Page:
Table 1

Iconic publications marking the qualitative revolution in the social sciences5 20 27 34–38

Author(s) and publicationImportance of the research
Becker et al, Boys in white: student culture in medical school 34 An early study employing qualitative research referenced by Denzin and Lincoln’s11 in their ‘Second Movement of Qualitative Research’ or ‘Modernist Phase’ (p16). Considered the first in the ‘golden age of rigorous qualitative analysis’ (p17) and includes Anselm Strauss as a coauthor.
Garfinkel, Studies in ethnomethodology 35 Influenced by his study of the Human Relations Area Files, a compendium of cross-cultural research on more than 330 groups across the globe housed at Yale University, sociologist Harold Garfinkel outlines the methods for understanding how people make sense of their daily lives and negotiate social interaction.
Glaser and Strauss, The discovery of grounded theory 23 Also part of the golden age of rigorous qualitative analysis referenced above, sociologists Barney Glaser and Anselm Strauss develop a method to generate theory from data where little previous research exists. Identified by Merriam and Tisdell8 as one of the two most influential works in the qualitative tradition.
Blumer, Symbolic interactionism: perspective and method 36 Building off the work of George Herbert Mead, Chicago School sociologist Herbert Blumer further popularises the theoretical approach of symbolic interactionism that serves as one of the theoretical pillars of qualitative research.
Geertz, The interpretation of cultures: selected essays 5 Anthropologist Clifford Geertz borrows the terms ‘thick and rich description’ from philosopher Gilbert Ryle and underscores the importance of interpretive approaches to the study of human social behaviour. Credited by Glaser and Strauss23 for pioneering an early form of constant comparison in his study of Indonesian societies.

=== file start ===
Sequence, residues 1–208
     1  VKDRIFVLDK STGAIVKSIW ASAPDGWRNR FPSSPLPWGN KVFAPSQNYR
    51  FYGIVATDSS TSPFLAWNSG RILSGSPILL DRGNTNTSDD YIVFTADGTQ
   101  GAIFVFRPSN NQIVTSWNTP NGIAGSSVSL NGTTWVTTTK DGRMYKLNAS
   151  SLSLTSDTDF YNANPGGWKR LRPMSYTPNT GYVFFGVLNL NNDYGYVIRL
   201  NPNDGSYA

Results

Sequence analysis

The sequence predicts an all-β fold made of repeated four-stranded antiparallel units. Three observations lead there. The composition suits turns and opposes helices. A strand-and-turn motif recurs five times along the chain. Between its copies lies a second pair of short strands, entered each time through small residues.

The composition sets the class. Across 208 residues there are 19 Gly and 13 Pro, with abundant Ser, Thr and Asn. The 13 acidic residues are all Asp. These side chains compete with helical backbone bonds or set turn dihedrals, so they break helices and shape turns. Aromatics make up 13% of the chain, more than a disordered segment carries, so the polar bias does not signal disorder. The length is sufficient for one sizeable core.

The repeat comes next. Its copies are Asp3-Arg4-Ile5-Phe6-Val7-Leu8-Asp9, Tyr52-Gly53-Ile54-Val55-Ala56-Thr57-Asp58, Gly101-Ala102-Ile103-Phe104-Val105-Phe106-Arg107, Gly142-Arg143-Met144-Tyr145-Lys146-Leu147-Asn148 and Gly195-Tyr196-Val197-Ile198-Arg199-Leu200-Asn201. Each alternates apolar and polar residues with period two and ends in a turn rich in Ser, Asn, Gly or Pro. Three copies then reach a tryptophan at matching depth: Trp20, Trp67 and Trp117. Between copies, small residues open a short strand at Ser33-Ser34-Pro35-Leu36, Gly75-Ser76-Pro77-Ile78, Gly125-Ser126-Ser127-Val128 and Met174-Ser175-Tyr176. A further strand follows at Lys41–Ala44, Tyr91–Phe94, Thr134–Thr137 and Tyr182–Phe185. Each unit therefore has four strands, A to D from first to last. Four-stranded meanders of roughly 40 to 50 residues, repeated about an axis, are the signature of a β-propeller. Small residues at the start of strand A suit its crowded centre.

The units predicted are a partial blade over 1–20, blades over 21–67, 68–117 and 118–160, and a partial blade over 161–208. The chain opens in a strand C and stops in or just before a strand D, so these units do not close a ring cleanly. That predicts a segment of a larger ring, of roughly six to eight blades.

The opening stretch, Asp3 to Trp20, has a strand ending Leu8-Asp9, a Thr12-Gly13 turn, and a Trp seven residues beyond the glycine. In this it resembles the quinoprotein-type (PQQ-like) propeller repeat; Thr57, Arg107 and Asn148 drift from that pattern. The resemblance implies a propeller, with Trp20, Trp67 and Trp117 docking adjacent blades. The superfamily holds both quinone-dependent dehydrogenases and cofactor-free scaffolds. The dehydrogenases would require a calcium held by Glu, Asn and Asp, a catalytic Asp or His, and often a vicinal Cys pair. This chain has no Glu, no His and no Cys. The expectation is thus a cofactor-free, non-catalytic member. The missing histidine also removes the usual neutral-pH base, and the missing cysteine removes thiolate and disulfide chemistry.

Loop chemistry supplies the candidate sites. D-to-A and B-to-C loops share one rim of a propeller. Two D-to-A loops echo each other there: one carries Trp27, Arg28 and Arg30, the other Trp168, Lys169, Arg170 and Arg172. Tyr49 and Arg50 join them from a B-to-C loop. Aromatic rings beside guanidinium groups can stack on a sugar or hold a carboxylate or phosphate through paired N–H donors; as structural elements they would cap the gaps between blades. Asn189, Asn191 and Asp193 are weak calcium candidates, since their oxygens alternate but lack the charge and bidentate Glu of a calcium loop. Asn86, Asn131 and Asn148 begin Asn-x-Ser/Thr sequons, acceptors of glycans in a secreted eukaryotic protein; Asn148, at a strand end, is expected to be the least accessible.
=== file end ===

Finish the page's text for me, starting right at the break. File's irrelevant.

Guba, Toward a method of naturalistic inquiry in educational evaluation. CSE monograph series in evaluation, 837 Identified by Merriam and Tisdell8 as one of the two most influential works in the budding qualitative tradition, educator Egon Guba helps launch the naturalistic (qualitative) paradigm of enquiry and research in the modern era.
Spradley, The ethnographic interview 20 Anthropologist James Spradley advances the developmental research sequence consisting of 12 major steps for conducting an ethnographic study. Focuses on the ethnographic interview.
Spradley, Participant observation 38 As above, but focuses on participant observation.
Lincoln & Guba, Naturalistic inquiry 27 Educators Yvonne Lincoln and Egon Guba coin the term trustworthiness to recast quantitative evaluative criteria of internal and external validity, reliability, and generalisability with qualitative procedures of credibility, dependability, confirmability and transferability. Lends increasing rigour to the qualitative research enterprise.